Marvell’s G.hn Beats Extollo’s HomePlug AV2 in Lab & Field Tests

– Won in All Scenarios and in the Worst Case Environments

In June 2015, CNET said the Extollo LANSocket 1500 power-line adapters, which are based on HomePlug AV2, had the “best power-line performance to date.”

At the end of last month, October 2015, the test lab Network FX, a subsidiary of CableLabs, said that, after conducting tests, G.hn adapters using Marvell’s chips “performed better than the Extollo [HomePlug AV2] devices in the lab and in the field under a variety of test conditions in a single network and in multiple networks.”

 

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Stutter-free streaming, no matter how remote the room, is the ultimate aim of home networking

 

The main chipmakers promoting G.hn (Marvell and Sigma Designs) and HP AV2 (Broadcom and Qualcomm) are members of CableLabs, which owns Network FX, as are MoCA chip and equipment makers.

 

Background

– Marvell contracted for Network FX to perform both the Lab Repeatable Power-line Testing and the Field Home Testing.
– Marvell purchased the Extollo adapters from Amazon on August 20, 2015. No firmware upgrade was available on Extollo’s Web site. Extollo’s adapters have Broadcom’s HPAV2 MIMO power-line chipset.
– Marvell provided Marvell-branded adapters that are based on its reference design and which it makes available to equipment makers. They are not available at retail but the exact same chips are in Comtrend’s G.hn adapters that are available at retail. Consumers can and should download the latest firmware from Comtrend’s Web site. Amazon sells a pair for less than $90

ARRIS is expected to launch a G.hn powerline adapter that will have the same Marvell G.hn chips. Comtrend and ARRIS adapters both have Marvell’s 1 Gbps powerline G.hn chipset, not its new 2 Gbps chips, which are not due out until 2016.
– The IPTV field tests were conducted in a house in Colorado with 4,850 square feet, two living floors plus a basement. The source for the video streams was located on the first floor. UDP IPerf commands were used to simulate HD or 4K streaming to each IPTV client. The 4K video had 30Mb per stream. By comparison, Ericsson’s MediaFirst IPTV 4K HD, which many telcos use for their pay TV technology, only streams at 12MB per stream.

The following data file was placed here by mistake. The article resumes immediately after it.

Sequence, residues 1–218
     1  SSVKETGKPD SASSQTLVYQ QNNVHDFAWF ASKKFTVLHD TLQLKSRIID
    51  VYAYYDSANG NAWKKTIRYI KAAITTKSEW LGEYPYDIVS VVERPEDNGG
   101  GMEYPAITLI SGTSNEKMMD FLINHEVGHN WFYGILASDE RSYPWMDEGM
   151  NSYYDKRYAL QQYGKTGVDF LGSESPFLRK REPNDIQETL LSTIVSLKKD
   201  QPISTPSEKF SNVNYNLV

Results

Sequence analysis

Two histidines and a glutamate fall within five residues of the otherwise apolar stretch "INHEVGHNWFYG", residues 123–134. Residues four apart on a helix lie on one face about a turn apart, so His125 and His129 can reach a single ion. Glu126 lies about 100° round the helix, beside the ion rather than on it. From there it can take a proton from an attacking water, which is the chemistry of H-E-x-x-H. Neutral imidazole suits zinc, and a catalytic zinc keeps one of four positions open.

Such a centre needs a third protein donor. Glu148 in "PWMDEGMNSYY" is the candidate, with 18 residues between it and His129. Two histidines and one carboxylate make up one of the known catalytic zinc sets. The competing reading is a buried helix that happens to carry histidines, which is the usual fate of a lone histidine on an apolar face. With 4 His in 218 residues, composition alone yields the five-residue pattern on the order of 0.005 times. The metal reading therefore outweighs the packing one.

Test Results

Network FX found the same results that Rider Research did in two homes in terms of packet size. At higher packet sizes, the throughput of Marvell’s G.hn and Extollo’s are about the same at 70dB of attenuation.

At 80dB and 90dB of attenuation, Marvell results were better than Extollo’s.

At lower packet size (82 bytes), the throughput of Marvell at all attenuation levels was higher than Extollo’s.

When testing for TCP throughput in neighboring networks at 40dB attenuation, the results showed that Marvell devices can provide higher throughput and lower latency than Extollo for all packet sizes. The term neighboring networks refers to residences in MDUs, a prime target for telcos that are prospects for selling G.hn adapters.

– The G.hn products did not have any packet errors or drops, which Marvell said is the “ideal technology for video delivery in the worst tested environments.”

– Marvell performed better in neighboring networks’ test setup for all test parameters (ie lowest/average/higher packet size).

– In testing network stability under “bursty” traffic conditions, Network FX said Marvell devices completed the test without dropping a single packet at a throughput rate of 80 Mbps. The Extollo product showed a 7-8% packet loss. Network FX said, “This indicates that Marvell devices are more stable under bursty traffic conditions.”

Network FX said Marvell won in all scenarios and in the worst case environments in both the Lab Testing and Home Field Testing.

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